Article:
Living Yoga Sadhana Continued

Previously, I wrote about why I gave up cocktails, sleep, and laziness for 30 days for my Yoga Teacher Certification.  Now, I share what these 30 days were really like for me, and my conclusions.  In addition to giving up the juice, I spent these days…

  • Waking up every day near 6:15am when I’d rather cuddle all morning.
  • Practicing yoga every day for at least 20 minutes.
  • Meditating every day for at least 20 minutes.

My overarching goal: renewed dedication to my health, wellness, and sanity for just 30 simple days. I actually enjoyed waking up early to practice yoga and meditate once I got used to it, the early morning summer sunrise was on my side.  It is absolutely imperative to get to bed by 10pm if one wants to wake up at the butt crack of dawn. That is the secret key that those morning exercisers and parents everywhere have known all along.  Once I realized that I am waking up to do something I love, it wasn’t so hard to drag myself out of bed.  We wake up every day for work and doing other things that are required of us, why shouldn’t I wake up to do something that’s just for me? There is never going to be an easier moment than right now.

I dedicated myself to doing the yoga poses that I have an aversion to, that are the most painful and difficult for me, each and every day, with a bunch of blocks and props to help me survive them. They are king arthur’s pose, monkey pose, forearm balance, double pigeon, and frog. I usually do a little sun salutations to warm up, then fit those in somehow, and wowsers, they hurt so good.  My body is feeling much more open to these postures now, but we are far from best friends at this point.

I did a lot of fire based yoga practices and I noticed that it often made me grumpy. A fire practice is a more energetic sequence of postures that ignite, sustain, and transform your energy. In other words, hurt-so-good kind of sweaty yoga with lots of yogi push-ups, strong standing poses, and core work.  The fire absolutely demands your breathe and integrity in your body.  They say that if you play with fire you’re gonna get burned, and burned I got.  I was fatigued and overtired often after playing with the fire.  Practicing yoga and participating in any challenging physical practice requires that we manage our energy with honesty and grace.  It’s not about kicking your own ass or playing the panda bear and not challenging yourself at all, it’s about finding a middle ground.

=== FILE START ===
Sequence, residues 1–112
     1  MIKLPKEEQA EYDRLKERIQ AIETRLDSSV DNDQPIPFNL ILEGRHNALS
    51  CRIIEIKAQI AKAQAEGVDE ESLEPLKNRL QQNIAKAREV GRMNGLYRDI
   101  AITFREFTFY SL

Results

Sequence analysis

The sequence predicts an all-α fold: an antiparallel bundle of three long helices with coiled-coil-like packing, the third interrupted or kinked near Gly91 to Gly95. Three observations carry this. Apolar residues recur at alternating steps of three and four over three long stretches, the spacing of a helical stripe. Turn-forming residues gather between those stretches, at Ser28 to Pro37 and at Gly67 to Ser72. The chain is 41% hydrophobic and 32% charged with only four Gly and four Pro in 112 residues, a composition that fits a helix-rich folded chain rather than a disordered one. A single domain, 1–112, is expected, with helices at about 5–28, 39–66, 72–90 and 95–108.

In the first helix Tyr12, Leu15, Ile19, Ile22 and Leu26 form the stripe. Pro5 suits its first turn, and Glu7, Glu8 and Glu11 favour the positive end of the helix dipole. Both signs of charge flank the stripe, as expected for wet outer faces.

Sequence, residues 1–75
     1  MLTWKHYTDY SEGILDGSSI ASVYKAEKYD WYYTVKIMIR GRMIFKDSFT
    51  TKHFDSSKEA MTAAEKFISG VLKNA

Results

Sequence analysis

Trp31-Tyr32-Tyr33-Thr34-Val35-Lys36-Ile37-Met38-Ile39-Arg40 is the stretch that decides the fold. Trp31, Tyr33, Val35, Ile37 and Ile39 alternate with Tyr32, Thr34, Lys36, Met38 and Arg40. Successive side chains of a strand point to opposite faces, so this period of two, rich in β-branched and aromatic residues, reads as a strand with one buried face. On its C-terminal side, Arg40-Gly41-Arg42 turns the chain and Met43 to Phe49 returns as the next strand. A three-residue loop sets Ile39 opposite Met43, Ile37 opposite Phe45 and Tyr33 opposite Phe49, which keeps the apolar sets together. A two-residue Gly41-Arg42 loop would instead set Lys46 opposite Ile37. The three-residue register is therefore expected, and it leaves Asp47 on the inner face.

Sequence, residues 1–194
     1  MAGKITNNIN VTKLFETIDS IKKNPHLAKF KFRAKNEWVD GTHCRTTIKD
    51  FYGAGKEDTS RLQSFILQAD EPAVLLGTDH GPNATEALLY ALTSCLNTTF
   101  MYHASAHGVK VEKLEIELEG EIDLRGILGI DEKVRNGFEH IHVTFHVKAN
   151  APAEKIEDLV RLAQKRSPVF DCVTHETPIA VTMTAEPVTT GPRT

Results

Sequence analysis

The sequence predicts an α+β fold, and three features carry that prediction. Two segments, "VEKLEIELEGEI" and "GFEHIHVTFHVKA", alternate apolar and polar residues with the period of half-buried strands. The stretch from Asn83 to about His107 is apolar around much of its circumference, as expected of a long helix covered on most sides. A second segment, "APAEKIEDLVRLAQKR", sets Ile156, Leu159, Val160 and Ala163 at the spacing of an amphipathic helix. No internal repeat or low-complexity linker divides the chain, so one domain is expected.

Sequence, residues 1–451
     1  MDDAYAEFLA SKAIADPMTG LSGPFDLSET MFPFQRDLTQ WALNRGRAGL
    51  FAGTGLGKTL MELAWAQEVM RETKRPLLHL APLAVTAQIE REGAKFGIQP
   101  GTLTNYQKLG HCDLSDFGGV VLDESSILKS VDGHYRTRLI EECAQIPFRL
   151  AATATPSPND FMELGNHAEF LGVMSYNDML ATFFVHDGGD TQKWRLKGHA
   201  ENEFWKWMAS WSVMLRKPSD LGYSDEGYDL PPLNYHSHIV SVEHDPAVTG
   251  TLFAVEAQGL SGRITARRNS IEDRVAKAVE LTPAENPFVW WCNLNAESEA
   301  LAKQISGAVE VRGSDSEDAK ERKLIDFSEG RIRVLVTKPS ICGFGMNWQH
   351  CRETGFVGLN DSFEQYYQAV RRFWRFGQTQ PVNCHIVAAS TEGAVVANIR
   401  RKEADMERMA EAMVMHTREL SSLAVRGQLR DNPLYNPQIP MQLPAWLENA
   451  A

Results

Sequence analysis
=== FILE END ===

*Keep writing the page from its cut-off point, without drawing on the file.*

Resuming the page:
Lack of sleep makes me crazy, no matter how healthy I am being otherwise! During my 30 days I attended a friends bachelorette party, a comical, wonderful little cultural ritual. I think I might use the excuse of being a yoga teacher in training more often. People totally accept it and want to talk about yoga when you say “Sorry, no drinks for me, I’m in a personal sadhana.” I played the roll of designated driver during a celebratory evening of dinner, watching the roller derby, and night life. I was exhausted by the time I got to bed at 2:30am and driving people all over the Bay Area of CA. After being awoken by a forgotten alarm, and having to drive 4 hours home, I was more tired than I had been in a long time. I had a sleep deprivation hangover. I went to bed by 9pm Sunday night and slept like a baby until the morning.

I didn’t mind being the only one not partaking in the cocktails throughout my 30 days, and in particular during the bachelorette party. It was a great group of women and I enjoyed conversing with them throughout the night. They weren’t overindulging too terribly, and I didn’t feel left out because I wasn’t. I was approached by a few intoxicated men towards the end of the night. I was sort of taken aback by how silly-drunk and obnoxious they were. “Did he just do the frat boy waist grab?” I wondered.  It reminded me of college and how crazy the drinking and party scene was there. Hormones and freedom combined to equal chaos. Usually I have no problem telling people who are crossing my lines to leave me alone.  This time I wasn’t so blunt or forthright.  I just walked away instead. Interesting I thought.

Omitting alcohol from my daily life was just the right sadhana to give myself a little break. I had a few moments of feeling left out or a bit awkward in a social settings where alcohol was being consumed en masse. Sometimes you just feel a little off though, whether or not you are drinking cocktails. During those awkward moments I noticed that I wanted to have a drink with everyone a little more than usual and I realized how easy it is for alcohol to become a sort of safety net in social settings. It allows us to loosen up and feel like we belong. Instead of partaking, I just said oh well, I’m having an off day, and went home. By the next morning though, I let it go. A good nights rest is wonderful medicine sometimes.